The drawings are more enticing than the paintings. One of them, heightened with white-on-grey paper, borrowed from Chatsworth, depicts Eve with hair flowing down to her feet, with an exhausted and perhaps post-coitally triste Adam draped around her — no coy distance between them here. Another, on loan from the Albertina in Vienna, depicts the couple about to kiss, with legs entwined. I don’t find either erotic, but they are rather splendid and engaging drawings.

The large painting of Adam and Eve, on loan from Her Majesty the Queen, is reliably fleshy and pleasingly informal, with a deceptively docile-looking Eve, though Adam — who seems already to have eaten of the apple — looks suitably apprehensive. Carnal, perhaps, and certainly admonitory, but not what I would call erotic. Among the other paintings here are the familiar ‘Adoration of the Kings’ (note the architectural setting), a remarkable grisaille double panel, ‘St Jerome Penitent’, once the outside shutters of an altarpiece, and an amazing drawing of a reliquary in brown ink. ‘Christ in the Garden of Gethsemane’, a strange night scene with eerie lighting effects from a bright quarter-moon, adds another strand to the complex make-up of this artist.

Room 3 concentrates on the erotic nude, in case we hadn’t yet got the message. The sensual delights include a charming brown-ink drawing ‘A Woman’s Bath’, depicting eight naked ladies with great affection and directness. Next to it is Venus looking at herself, not with becoming modesty. Gossaert is good at women, and this exhibition is strong in drawings: notice the four roundels heightened with white on dark paper — the best perhaps is ‘A Woman and her Handmaid’. There are other good things here such as the rather fine ‘Hercules and Deianeira’, but let’s cut to the main room, gallery 4, to find the other important aspect of Gossaert’s work — his portraiture.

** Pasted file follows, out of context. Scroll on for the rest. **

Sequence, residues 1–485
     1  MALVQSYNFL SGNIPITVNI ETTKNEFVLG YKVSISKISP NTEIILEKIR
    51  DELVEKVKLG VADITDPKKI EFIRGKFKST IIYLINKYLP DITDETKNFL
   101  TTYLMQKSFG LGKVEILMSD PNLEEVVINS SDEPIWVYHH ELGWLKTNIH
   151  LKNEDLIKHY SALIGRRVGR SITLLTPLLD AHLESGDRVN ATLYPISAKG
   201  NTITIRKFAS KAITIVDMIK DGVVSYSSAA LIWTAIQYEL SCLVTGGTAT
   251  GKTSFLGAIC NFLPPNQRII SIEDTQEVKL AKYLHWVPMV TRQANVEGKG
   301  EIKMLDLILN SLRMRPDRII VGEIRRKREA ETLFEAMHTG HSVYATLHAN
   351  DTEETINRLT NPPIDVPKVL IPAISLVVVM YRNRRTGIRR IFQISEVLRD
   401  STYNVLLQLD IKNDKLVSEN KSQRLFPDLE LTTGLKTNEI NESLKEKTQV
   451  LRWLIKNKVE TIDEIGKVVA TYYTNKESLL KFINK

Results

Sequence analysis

The trio on the end wall, ‘Henry III of Nassau-Breda’, ‘Jan Jacobsz Snoek’ and ‘Francisco de los Cobos y Molina’, give a very adequate impression of the finely detailed work that was Gossaert’s hallmark. ‘A Man Holding a Glove’ seems to me to be more penetrating in terms of characterisation, while on the opposite wall ‘An Elderly Couple’ demonstrates that age doesn’t always come easily, nor is it welcome. (Note the haze of grey-white stubble around the man’s tightly clenched jaw.) This is an impressive room of people. Gossaert is good at stuffs: notice the cloth of gold skull cap, and the gold damask doublet under the slate-blue cloak in ‘Portrait of a Gentleman’ (from Antwerp), who looks a cool, rather supercilious customer.

There are two more galleries — one of devotional subjects, including a lascivious-looking Mary Magdalene embracing a great ointment jar, the other of Virgin and Child pictures. There is quite a range of mood and emotional intensity here, and some seem to be more about display and the intricacies of the setting than any sacred content.

The National Gallery has not published a catalogue for this exhibition. There’s a paperback available, called Van Eyck to Gossaert: Towards a Northern Renaissance (£14.99), which has a wider remit and only seven Gossaerts illustrated, or the American catalogue (the show opened last year in New York), which is a vast, sumptuous doorstep costing £60, subtitled ‘The Complete Works’. There’s a pun in there but, however profane, Gossaert remains a pivotal figure in Netherlandish art between Van Eyck and Rubens. Worth a detour.